Abstract: Organic light emitting diodes (OLEDs) have attracted much attention in recent years as next generation lighting and displays, due to their many advantages, including superb performance, mechanical flexibility, ease of fabrication, chemical versatility, etc. In order to fully realize the highly flexible features, reduce the cost and further improve the performance of OLED devices, replacing the conventional indium tin oxide with better alternative transparent conducting electrodes (TCEs) is a crucial step. In this review, we focus on the emerging alternative TCE materials for OLED applications, including carbon nanotubes (CNTs), metallic nanowires, conductive polymers and graphene. These materials are selected, because they have been applied as transparent electrodes for OLED devices and achieved reasonably good performance or even higher device performance than that of indium tin oxide (ITO) glass. Various electrode modification techniques and their effects on the device performance are presented. The effects of new TCEs on light extraction, device performance and reliability are discussed. Highly flexible, stretchable and efficient OLED devices are achieved based on these alternative TCEs. These results are summarized for each material. The advantages and current challenges of these TCE materials are also identified.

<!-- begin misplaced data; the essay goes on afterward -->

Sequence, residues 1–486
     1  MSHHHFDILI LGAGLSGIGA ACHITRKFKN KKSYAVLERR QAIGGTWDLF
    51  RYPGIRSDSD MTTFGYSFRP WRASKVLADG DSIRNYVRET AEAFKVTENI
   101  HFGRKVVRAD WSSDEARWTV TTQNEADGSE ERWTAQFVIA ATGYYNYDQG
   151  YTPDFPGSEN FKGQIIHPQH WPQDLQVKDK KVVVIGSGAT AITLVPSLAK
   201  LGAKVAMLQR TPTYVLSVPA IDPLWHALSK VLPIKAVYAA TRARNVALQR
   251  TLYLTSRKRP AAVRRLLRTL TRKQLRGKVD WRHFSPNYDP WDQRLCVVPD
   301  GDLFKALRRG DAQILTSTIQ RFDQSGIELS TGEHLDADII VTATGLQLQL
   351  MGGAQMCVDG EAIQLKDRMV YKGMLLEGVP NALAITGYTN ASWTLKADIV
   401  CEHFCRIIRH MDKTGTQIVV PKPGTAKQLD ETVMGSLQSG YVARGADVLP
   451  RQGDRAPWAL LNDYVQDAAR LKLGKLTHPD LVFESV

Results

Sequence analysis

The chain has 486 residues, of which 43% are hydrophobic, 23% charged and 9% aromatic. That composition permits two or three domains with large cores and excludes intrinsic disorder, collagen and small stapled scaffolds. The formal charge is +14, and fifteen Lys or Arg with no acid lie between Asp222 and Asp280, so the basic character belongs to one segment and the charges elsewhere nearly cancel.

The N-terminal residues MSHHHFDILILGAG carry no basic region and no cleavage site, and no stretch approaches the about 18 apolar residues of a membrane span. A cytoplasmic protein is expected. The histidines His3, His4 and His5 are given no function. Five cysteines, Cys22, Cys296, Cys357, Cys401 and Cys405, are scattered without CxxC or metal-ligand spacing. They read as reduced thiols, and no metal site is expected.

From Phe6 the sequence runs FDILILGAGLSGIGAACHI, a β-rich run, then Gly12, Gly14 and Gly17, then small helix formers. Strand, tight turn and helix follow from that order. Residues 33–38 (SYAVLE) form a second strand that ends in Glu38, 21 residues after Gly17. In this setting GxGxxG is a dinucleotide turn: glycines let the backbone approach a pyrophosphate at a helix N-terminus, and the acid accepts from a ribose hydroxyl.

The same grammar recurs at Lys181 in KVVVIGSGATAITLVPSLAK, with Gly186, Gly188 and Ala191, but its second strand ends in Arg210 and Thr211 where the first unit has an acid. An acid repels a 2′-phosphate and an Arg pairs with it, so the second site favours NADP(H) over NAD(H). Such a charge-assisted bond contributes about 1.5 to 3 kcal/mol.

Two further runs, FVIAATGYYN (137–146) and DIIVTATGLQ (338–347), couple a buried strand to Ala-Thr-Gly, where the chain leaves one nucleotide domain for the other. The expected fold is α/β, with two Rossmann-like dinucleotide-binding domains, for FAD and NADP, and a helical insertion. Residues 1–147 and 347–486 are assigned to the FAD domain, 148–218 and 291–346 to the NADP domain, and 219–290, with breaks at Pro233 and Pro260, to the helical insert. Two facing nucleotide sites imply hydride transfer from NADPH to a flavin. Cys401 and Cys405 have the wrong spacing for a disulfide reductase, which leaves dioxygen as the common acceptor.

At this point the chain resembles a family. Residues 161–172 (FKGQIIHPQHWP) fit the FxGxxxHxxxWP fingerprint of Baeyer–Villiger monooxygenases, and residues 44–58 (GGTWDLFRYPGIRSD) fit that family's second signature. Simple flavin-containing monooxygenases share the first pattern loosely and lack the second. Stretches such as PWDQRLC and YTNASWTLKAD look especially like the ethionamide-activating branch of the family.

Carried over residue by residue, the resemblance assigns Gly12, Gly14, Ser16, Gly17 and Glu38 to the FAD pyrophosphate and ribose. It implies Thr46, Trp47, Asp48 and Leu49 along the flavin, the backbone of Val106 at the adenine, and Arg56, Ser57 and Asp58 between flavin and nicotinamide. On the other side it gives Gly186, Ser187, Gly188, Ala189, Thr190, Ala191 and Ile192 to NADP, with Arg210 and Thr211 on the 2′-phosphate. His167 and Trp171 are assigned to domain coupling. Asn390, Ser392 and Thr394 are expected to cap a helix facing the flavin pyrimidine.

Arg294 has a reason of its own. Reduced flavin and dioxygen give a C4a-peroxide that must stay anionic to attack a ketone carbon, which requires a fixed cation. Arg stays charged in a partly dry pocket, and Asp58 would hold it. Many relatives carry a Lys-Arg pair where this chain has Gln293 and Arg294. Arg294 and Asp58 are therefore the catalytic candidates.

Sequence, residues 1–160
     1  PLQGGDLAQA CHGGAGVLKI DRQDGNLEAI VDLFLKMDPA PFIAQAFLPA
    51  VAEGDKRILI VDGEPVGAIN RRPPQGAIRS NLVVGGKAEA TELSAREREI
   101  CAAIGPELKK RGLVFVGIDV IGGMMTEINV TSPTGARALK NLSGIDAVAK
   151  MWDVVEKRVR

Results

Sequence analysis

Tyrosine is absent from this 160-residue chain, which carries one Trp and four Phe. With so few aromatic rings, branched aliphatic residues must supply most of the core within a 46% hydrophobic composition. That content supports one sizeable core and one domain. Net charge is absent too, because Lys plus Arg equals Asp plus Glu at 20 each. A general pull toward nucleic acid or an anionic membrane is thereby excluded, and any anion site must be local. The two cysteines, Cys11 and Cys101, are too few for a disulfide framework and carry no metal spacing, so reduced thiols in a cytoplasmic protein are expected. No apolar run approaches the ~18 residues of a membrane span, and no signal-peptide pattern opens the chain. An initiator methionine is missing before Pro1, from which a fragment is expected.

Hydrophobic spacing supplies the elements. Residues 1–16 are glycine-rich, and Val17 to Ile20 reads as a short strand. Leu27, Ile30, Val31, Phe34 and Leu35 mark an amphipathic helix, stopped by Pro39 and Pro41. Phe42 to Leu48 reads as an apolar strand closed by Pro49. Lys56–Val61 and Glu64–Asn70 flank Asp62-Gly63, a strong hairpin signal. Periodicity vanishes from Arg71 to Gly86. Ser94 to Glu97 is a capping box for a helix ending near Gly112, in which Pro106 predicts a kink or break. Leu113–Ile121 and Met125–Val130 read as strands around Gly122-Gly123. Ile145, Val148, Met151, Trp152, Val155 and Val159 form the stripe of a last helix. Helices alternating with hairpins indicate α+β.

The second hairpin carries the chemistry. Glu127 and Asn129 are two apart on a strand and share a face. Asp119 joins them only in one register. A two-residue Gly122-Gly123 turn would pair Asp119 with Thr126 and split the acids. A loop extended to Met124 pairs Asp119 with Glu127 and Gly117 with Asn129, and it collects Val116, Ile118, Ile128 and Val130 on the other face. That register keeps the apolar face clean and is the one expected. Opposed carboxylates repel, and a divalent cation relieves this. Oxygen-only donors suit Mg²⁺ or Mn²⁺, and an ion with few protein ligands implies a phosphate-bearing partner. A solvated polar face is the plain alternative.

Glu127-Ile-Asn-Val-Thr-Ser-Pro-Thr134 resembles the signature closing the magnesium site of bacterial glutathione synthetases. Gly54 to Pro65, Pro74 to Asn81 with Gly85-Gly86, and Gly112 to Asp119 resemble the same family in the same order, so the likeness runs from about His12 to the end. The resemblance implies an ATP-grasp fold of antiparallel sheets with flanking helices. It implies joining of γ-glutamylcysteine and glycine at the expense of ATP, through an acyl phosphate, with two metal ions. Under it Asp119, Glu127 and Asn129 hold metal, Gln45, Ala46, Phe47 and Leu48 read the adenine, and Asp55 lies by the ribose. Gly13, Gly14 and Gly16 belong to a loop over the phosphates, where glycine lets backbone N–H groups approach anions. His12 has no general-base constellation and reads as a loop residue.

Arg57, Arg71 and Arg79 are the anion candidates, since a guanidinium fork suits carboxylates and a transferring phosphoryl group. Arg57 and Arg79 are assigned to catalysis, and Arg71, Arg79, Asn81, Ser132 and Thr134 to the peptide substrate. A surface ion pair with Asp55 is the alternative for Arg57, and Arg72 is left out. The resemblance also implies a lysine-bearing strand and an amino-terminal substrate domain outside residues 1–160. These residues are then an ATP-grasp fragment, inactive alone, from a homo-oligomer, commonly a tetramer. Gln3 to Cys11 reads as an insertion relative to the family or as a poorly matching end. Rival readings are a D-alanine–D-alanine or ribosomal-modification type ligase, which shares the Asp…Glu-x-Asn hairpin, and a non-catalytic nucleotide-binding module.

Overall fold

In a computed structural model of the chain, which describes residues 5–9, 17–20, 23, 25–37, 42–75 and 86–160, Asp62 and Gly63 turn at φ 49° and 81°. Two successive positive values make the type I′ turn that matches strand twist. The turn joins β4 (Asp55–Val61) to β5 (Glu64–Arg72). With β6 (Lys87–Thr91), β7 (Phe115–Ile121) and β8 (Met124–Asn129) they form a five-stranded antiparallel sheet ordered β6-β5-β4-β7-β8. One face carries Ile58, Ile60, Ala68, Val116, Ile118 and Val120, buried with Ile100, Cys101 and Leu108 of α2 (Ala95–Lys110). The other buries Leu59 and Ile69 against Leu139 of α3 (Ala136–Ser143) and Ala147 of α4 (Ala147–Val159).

Abstract: Spectral and transport properties of small molecule single-crystal organic semiconductors have been theoretically analyzed focusing on oligoacenes, in particular on the series from naphthalene to rubrene and pentacene, aiming to show that the inclusion of different electron-phonon couplings is of paramount importance to interpret accurately the properties of prototype organic semiconductors. While in the case of rubrene, the coupling between charge carriers and low frequency inter-molecular modes is sufficient for a satisfactory description of spectral and transport properties, the inclusion of electron coupling to both low-frequency inter-molecular and high-frequency intra-molecular vibrational modes is needed to account for the temperature dependence of transport properties in smaller oligoacenes. For rubrene, a very accurate analysis in the relevant experimental configuration has allowed for the clarification of the origin of the temperature-dependent mobility observed in these organic semiconductors. With increasing temperature, the chemical potential moves into the tail of the density of states corresponding to localized states, but this is not enough to drive the system into an insulating state. The mobility along different crystallographic directions has been calculated, including vertex corrections that give rise to a transport lifetime one order of magnitude smaller than the spectral lifetime of the states involved in the transport mechanism. The mobility always exhibits a power-law behavior as a function of temperature, in agreement with experiments in rubrene. In systems gated with polarizable dielectrics, the electron coupling to interface vibrational modes of the gate has to be included in addition to the intrinsic electron-phonon interaction. While the intrinsic bulk electron-phonon interaction affects the behavior of mobility in the coherent regime below room temperature, the coupling with interface modes is dominant for the activated high temperature contribution of localized polarons. Finally, the effects of a weak disorder largely increase the activation energies of mobility and induce the small polaron formation at lower values of electron-phonon couplings in the experimentally relevant temperature window.